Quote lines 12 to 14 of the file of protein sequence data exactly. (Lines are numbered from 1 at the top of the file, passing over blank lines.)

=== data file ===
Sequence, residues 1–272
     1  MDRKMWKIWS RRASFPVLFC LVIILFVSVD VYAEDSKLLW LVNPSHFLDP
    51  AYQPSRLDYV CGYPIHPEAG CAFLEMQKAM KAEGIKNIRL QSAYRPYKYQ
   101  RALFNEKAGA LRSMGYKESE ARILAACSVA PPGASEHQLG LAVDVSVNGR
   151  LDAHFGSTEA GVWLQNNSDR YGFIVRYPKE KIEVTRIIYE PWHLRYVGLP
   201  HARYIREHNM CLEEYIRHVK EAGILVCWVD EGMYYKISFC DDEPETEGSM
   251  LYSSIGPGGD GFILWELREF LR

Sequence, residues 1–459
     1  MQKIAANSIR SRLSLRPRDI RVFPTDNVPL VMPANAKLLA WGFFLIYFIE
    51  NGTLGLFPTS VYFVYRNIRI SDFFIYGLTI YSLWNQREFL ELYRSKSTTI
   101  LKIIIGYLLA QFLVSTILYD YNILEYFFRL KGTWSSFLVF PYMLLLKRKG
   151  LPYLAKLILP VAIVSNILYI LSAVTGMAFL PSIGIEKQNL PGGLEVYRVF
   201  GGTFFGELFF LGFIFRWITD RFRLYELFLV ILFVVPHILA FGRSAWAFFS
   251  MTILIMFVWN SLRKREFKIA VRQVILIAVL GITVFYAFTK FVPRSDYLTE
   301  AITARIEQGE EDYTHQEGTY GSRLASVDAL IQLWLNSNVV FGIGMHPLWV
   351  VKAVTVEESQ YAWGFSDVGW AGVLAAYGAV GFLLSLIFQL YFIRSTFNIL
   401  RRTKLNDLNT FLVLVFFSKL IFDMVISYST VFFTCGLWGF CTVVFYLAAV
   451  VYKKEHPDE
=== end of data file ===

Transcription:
   151  LPYLAKLILP VAIVSNILYI LSAVTGMAFL PSIGIEKQNL PGGLEVYRVF
   201  GGTFFGELFF LGFIFRWITD RFRLYELFLV ILFVVPHILA FGRSAWAFFS
   251  MTILIMFVWN SLRKREFKIA VRQVILIAVL GITVFYAFTK FVPRSDYLTE